In honor of National Nurse Practitioners’ Week, we caught up with one of our favorite nurses, Julia Hill.
Julia graduated from Penn Nursing with her BSN in 2013, and received her Master of Science in Nursing as a Family NP and Master of Public Health in 2015. She completed a fellowship program at a Federally Qualified Health Center in NYC, and now works in a community health center in Charlestown, MA.
Trusted Health: Why did you decide to become a Nurse Practitioner?
Julia Hill: Throughout nursing school, I became increasingly frustrated with the fragmented health care systems that discharge patients back into the environments that (in most cases) contributed to their hospitalizations. I felt that there were so many preventative measures that failed, or were never implemented, to help these individuals in the long run. These frustrations fueled a passion for primary care and public health. I felt that with the background BSN training, I, as an NP, could help close those gaps our vulnerable patients fell through by becoming a primary care provider. Nonetheless, I decided to enroll in a joint MSN-MPH degree program directly after my BSN education. Prevention, prevention, prevention!
TH: Was it a tough decision to go back to school?
JH: Not really. I knew that I would be missing out on some of the experiences of an RN that might enrich my education, but I was (and still am!) young and eager to contribute to a mission I believe so strongly in. I also was enamored by the idea of ground-up healthcare, and working to fortify primary care services to help minimize preventable hospitalizations.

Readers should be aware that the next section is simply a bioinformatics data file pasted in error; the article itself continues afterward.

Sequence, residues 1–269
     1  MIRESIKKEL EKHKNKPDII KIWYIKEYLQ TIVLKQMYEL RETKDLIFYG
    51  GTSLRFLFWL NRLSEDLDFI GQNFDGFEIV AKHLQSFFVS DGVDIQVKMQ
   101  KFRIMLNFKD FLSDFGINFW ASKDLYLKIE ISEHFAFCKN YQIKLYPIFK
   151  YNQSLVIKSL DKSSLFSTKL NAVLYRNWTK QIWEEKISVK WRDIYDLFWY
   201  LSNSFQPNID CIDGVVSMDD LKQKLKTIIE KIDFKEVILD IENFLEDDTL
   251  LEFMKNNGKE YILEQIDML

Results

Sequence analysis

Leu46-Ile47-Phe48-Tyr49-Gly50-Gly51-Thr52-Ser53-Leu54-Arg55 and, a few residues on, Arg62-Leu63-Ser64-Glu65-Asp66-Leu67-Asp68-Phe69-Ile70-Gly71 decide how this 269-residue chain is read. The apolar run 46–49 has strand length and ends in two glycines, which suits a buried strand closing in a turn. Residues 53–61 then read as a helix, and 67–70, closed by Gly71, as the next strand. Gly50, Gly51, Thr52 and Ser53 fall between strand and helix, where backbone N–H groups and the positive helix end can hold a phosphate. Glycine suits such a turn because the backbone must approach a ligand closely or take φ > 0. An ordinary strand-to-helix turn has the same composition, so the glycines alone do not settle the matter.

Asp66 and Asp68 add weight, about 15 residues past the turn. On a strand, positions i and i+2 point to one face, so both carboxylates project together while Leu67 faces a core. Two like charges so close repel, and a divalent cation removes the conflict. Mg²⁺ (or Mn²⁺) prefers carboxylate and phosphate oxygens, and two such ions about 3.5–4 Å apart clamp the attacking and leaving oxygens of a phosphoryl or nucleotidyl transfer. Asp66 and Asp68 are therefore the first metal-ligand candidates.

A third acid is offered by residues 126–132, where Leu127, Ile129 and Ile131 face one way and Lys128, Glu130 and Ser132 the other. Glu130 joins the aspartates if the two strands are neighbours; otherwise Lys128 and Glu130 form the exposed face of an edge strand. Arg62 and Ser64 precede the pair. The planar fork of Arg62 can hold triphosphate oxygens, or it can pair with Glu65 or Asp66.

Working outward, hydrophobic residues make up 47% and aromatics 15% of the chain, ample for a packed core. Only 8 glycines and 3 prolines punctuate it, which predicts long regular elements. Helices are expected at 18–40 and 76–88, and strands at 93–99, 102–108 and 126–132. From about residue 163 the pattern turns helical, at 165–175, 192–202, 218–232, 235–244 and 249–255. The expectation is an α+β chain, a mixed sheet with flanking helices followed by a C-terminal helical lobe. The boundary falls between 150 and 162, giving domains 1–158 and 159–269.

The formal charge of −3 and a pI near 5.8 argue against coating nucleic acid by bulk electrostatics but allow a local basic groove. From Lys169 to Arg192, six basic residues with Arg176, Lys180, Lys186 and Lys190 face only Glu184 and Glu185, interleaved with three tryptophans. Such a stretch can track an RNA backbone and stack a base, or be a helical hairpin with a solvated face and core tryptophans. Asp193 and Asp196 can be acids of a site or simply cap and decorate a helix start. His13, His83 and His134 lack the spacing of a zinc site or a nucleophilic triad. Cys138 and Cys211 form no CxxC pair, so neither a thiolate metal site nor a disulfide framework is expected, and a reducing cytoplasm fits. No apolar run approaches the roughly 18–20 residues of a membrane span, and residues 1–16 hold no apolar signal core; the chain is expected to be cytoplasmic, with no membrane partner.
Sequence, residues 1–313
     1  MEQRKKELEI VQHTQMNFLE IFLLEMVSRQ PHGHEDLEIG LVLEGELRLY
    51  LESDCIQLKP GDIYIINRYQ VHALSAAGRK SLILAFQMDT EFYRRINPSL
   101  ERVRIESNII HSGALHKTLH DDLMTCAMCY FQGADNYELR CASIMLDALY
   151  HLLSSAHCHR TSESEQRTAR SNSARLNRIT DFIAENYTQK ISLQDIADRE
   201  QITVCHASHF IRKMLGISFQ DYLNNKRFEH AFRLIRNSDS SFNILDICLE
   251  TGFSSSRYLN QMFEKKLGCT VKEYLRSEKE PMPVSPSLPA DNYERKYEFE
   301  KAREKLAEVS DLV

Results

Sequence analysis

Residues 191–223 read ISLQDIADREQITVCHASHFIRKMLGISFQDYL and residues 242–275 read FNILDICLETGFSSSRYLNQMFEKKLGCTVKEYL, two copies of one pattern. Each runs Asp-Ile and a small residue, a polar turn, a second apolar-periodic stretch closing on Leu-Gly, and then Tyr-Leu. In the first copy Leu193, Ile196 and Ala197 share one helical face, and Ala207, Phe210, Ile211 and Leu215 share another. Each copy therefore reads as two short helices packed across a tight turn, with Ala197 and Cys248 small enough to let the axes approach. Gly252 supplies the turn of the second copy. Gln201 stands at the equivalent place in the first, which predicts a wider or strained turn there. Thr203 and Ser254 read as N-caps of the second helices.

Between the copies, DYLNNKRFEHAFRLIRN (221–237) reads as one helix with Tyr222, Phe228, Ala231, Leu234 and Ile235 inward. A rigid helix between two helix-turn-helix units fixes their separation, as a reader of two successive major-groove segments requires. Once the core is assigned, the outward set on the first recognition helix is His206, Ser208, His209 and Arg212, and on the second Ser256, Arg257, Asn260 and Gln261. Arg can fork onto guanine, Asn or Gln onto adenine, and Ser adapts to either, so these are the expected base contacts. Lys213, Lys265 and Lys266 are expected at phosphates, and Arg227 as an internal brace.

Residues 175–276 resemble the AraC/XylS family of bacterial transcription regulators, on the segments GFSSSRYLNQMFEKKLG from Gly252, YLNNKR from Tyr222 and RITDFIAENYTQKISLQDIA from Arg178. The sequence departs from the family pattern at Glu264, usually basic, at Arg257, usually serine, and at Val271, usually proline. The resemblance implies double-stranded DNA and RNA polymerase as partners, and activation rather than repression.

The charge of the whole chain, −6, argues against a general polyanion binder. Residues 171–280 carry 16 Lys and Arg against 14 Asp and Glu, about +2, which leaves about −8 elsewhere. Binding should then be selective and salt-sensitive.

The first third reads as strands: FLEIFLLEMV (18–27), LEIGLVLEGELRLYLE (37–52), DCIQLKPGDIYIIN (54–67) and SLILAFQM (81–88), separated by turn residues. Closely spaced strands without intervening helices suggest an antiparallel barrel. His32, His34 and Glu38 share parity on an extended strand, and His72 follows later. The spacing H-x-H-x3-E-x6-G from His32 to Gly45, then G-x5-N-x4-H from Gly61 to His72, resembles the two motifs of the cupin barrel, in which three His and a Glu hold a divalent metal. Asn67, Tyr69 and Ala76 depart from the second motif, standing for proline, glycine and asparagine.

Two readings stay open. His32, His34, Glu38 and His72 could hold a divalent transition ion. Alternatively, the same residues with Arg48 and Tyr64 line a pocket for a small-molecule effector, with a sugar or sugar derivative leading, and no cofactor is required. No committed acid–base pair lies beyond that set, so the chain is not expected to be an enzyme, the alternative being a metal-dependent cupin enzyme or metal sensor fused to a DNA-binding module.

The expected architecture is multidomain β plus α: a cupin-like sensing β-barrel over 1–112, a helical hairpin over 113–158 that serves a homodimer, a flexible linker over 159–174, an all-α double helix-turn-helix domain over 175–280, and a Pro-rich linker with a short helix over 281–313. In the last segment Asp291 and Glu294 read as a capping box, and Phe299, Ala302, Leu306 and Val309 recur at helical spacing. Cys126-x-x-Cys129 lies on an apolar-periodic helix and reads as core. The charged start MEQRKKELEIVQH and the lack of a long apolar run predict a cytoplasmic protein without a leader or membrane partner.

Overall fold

TH: How do you feel about Nurse Practitioners in Healthcare?
JH: I feel great about NPs in healthcare! I think that with the correct training, NPs can serve as a strong resource in primary care. On that note, write to your legislators if you live in a state without full practice authority! I can’t speak to the acute care setting as knowledgeably, but I believe NPs can fill a huge and growing primary care need. Our nursing foundations make us great educators on chronic disease, and we have the empathy and compassion needed to serve vulnerable populations. We can also now be certified to prescribe suboxone, which is a huge step towards addressing the opioid epidemic!
TH: Any hindsights, or things you wish someone had told you?
JH: I’ll do this one in bullet points, so see below!
- Focus on writing efficient but thorough notes in school. There is nothing worse than seeing 20 patients in a day and having 20 unlocked notes to complete before you can have dinner.
- Being fluent in a second language is INVALUABLE.
- It’s important to know the laws in the state you work in regarding practice authority, but it’s equally important to vet the practice you plan to work in regarding the NP role. There is huge variation in how NPs are used even within states, so you must be diligent about doing your homework.
- Ask for what you want from a job, and find a mentor that will help you become a better practitioner. It doesn’t matter if this is an NP, MD, DO, PA – just someone with more experience than you that is willing to answer your questions and support your growth clinically and professionally.
- There isn’t enough time in school to learn everything that the world will throw at you once you’re working, so keep your textbooks! You’ll constantly be building your differential, and that requires regularly reading about all the diagnoses you encounter. I like using apps on my phone for this because I can read on my commute home.
What is, in your opinion, the future for Nurse Practitioners?
I think we are going to continue to see a growth of NPs in the workforce, especially in primary care and community health. I also believe there will continue to be progress in the public perception of NPs as competent and independent clinicians. And hopefully my family will finally stop asking me what I do!